Tuesday, February 19, 2013

CACM and the ACM Digital Library (&Open Access)

The february issue of the CACM contains a letter about proposals and trending ideas for ACM's digital library access in the current context where many academic/government research funding agencies are increasingly seeking free and open access to tax payers' funded work - the article skates over two possible  aspects - see Open Access position statement...

1. Some funding agencies will not pay for "gold" (author pays) - this is excluded if an institute has its own repository (e.g. Cambridge University has a copyright library and DSpace and other systems and has been around a bit longer than the ACM.....
2. Most of the DL content is authored, reviewed, edited, and even copies are hosted by ACM members - a very simple system would be to cover the costs of the DL completely from membership and conference/journal subscription income, but still allow 100% open access (open links and copies) - there's no evidence that systems that do this (Usenix, ArXiv, Wikipedia) fail. It behoves the ACM Publications Board to a) let us know what this would cost in terms of increases ACM and SIG membership annual fees and b) to estimate the impact (negative or possibly positive) on membership numbers....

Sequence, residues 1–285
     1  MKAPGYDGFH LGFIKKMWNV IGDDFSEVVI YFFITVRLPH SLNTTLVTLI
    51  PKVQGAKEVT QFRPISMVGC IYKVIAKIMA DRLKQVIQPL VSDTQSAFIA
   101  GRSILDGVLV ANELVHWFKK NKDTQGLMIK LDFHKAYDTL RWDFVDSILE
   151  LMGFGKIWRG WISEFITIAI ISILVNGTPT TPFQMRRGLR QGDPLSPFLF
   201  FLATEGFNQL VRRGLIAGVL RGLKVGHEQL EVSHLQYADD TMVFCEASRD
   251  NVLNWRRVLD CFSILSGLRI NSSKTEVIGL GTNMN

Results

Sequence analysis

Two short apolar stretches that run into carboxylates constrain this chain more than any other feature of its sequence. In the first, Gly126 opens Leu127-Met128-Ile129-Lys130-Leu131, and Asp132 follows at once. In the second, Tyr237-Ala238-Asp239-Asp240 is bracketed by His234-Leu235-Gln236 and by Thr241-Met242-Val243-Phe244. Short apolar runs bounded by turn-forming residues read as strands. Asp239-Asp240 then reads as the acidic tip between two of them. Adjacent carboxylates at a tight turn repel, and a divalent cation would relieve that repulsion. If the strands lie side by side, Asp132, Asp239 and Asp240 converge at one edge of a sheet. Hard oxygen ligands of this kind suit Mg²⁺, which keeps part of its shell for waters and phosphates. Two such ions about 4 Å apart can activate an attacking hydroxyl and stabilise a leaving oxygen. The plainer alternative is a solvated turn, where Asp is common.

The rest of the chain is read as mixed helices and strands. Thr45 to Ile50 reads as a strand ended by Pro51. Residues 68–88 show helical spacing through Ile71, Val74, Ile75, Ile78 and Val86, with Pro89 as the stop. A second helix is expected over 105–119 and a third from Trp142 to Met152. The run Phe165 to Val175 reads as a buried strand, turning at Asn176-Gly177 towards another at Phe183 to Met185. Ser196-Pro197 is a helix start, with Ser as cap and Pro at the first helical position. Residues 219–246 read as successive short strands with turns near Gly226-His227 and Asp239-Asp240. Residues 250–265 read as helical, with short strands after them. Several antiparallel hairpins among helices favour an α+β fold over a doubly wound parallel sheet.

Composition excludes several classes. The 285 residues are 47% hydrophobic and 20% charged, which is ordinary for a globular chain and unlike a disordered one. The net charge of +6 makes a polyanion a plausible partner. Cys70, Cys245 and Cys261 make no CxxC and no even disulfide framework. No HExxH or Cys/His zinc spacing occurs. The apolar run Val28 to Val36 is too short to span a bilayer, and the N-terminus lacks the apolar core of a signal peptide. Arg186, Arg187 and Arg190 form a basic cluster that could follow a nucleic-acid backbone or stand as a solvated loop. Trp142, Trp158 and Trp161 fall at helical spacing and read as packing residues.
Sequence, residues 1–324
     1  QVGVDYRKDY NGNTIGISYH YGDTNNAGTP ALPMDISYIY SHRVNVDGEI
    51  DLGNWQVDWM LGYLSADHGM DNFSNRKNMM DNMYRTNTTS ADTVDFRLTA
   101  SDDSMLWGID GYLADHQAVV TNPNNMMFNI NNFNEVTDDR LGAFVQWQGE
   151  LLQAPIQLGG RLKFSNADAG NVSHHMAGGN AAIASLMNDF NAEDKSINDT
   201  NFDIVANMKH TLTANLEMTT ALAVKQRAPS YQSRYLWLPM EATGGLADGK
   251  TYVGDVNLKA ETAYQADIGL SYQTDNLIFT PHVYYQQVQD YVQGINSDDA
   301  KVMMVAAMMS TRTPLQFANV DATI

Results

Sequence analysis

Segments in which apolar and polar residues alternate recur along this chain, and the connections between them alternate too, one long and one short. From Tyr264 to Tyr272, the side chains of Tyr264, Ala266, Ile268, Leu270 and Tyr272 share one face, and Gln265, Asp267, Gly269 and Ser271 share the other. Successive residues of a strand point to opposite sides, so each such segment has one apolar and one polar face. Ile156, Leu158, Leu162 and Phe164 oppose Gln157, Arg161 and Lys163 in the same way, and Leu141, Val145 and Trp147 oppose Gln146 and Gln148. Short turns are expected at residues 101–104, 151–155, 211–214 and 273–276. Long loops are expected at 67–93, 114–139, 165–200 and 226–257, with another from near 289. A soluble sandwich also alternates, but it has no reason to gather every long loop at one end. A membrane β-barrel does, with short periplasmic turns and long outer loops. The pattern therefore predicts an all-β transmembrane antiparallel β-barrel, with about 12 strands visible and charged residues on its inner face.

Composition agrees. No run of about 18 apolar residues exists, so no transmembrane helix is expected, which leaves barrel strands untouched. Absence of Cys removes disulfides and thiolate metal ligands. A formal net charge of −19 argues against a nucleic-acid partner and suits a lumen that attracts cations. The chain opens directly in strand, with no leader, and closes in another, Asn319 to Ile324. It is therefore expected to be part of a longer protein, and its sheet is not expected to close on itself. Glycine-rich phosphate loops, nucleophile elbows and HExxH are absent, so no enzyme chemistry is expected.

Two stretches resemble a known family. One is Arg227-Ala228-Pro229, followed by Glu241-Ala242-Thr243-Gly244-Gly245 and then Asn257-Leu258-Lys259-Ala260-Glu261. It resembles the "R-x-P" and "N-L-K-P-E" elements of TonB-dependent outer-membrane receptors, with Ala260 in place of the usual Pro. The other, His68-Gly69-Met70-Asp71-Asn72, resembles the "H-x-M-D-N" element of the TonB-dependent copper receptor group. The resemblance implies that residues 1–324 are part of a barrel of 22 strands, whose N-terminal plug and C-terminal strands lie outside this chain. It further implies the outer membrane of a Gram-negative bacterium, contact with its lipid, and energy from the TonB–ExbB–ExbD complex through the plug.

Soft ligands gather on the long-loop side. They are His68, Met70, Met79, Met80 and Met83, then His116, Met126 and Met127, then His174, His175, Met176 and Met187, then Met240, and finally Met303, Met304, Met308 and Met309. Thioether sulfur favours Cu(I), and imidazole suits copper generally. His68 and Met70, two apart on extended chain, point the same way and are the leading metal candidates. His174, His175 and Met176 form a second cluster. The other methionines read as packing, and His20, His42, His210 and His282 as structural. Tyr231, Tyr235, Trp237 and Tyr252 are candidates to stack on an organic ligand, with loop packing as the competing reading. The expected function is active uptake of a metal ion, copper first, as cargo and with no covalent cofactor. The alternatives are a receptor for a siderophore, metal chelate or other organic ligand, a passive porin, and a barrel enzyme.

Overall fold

Some SIGs (like SIGCOMM, since I was chair) have published fully open access to all the conference papers for a long time with no apparent negative impact on the SIG's membership or attendance at events (possibly positive, although that would be anecdotal only)

I think it would be interesting to canvas the entire ACM membership on this - there's a strong collegiate tradition in the ACM, and the idea of a "wholly membership owned not-for-profit free (green) open access digital library of the main repository of 75 years of Computer Science, would probably be very attractive to many people.

Looking at the rest of the issue, you can see many articles and papers of current interest that show what a lively and relevant organisation the ACM is and how timely much of the CACM material is - for example, earlier this week in Cambridge we had talks about dark silicon (and what ARM is doing about it), and lo and behold, there it is in the Research Highlights section, in the clearest and most accessible possible terms...and should be available to anyone in the world concerned with the future of our subject -

power, parallelism or reliability?

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